Another week, another drip in the feed covering Nissan’s plan to restore its product and its brand. The news this time comes from dealer sources who spoke to Automotive News about regional meetings held in Boston, Dallas, and Orlando. Two summaries from two dealers to AN were, “We haven’t talked product in ages,” and, “The message is the car is the star,” which throw up all kinds of implications about the dark times Nissan’s emerging from. The dealers had positive things to say about new product on the way as soon as this year, which includes a badly needed fourth-generation Murano.

The current Murano went on sale at the beginning of 2015 for the 2016 model year; from 86,953 sales in the U.S. in 2016, the Murano spent following years sinking to 31,138 sales in 2023. AN‘s sources said the new model will sit on an evolution of its current D Platform, get a turbocharged four-cylinder engine, focus on premium appointments over sportiness, and — get this — boot the current CVT for a nine-speed automatic. It’s also being compared to the Acura MDX for looks, with a “Porsche-like rear,” which we’ll take to mean a full-width light bar across the hatch.

Now that the new Infiniti QX80 is out, the Armada’s in the big SUV chute. It will follow its Infiniti sibling into greater luxury, with “a ton of technology” set in a new interior featuring finer furnishings and trimmings. Unsurprisingly, a turbocharged six-cylinder goes in the engine bay.  

Toward the end of the year, a Rogue Rock Creek Edition will join the Pathfinder Rock Creek Edition as an off-road-focused trim and competitor to the Honda Passport. So far, all we’re getting on that is “off-road tires and a big roof rack.”   

They will be pitched to customers with a new marketing angle that, instead of using celebrities, highlights “vehicle features and design and the dealership experience,” in AN‘s words.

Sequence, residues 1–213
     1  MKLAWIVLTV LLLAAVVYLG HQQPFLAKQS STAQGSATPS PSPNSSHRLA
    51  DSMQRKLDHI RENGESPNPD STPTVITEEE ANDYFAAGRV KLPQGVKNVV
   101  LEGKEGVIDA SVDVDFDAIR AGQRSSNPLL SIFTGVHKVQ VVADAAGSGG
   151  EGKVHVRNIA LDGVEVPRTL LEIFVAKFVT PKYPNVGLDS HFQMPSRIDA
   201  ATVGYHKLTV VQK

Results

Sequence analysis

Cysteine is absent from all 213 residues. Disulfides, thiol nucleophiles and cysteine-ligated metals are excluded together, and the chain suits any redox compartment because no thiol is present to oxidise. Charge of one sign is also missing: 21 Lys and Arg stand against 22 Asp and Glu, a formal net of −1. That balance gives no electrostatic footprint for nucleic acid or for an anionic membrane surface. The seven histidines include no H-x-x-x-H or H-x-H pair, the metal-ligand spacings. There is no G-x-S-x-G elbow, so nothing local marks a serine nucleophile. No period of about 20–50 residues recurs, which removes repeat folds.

Dealers were less enthused about what they considered blank spots in the meeting presentations, namely, how Nissan wants dealers to get from today to the better future. Nissan’s national dealer inventory stands about 30% above the national average, and dealers said the automaker has refused to hit the Big Incentives button again, after tanking brand equity and profitability by doing so in the 2010s. The problem is that the situation hasn’t improved much; Nissan’s product is better and continuing to improve, but the competition is even stronger than it was six or seven years ago, before the pandemic. One dealer said, “Many consumers aren’t considering a Nissan model because of the badge on the front,” a perception gap we noted when saying the 2024 Nissan Pathfinder “deserves more attention than it gets,” especially in Rock Creek trim.

The course of this year will show us all how Nissan plans to walk the path, its product and dealers in tow. A reborn, and real, Xterra would likely go a long way to making everyone happy. 



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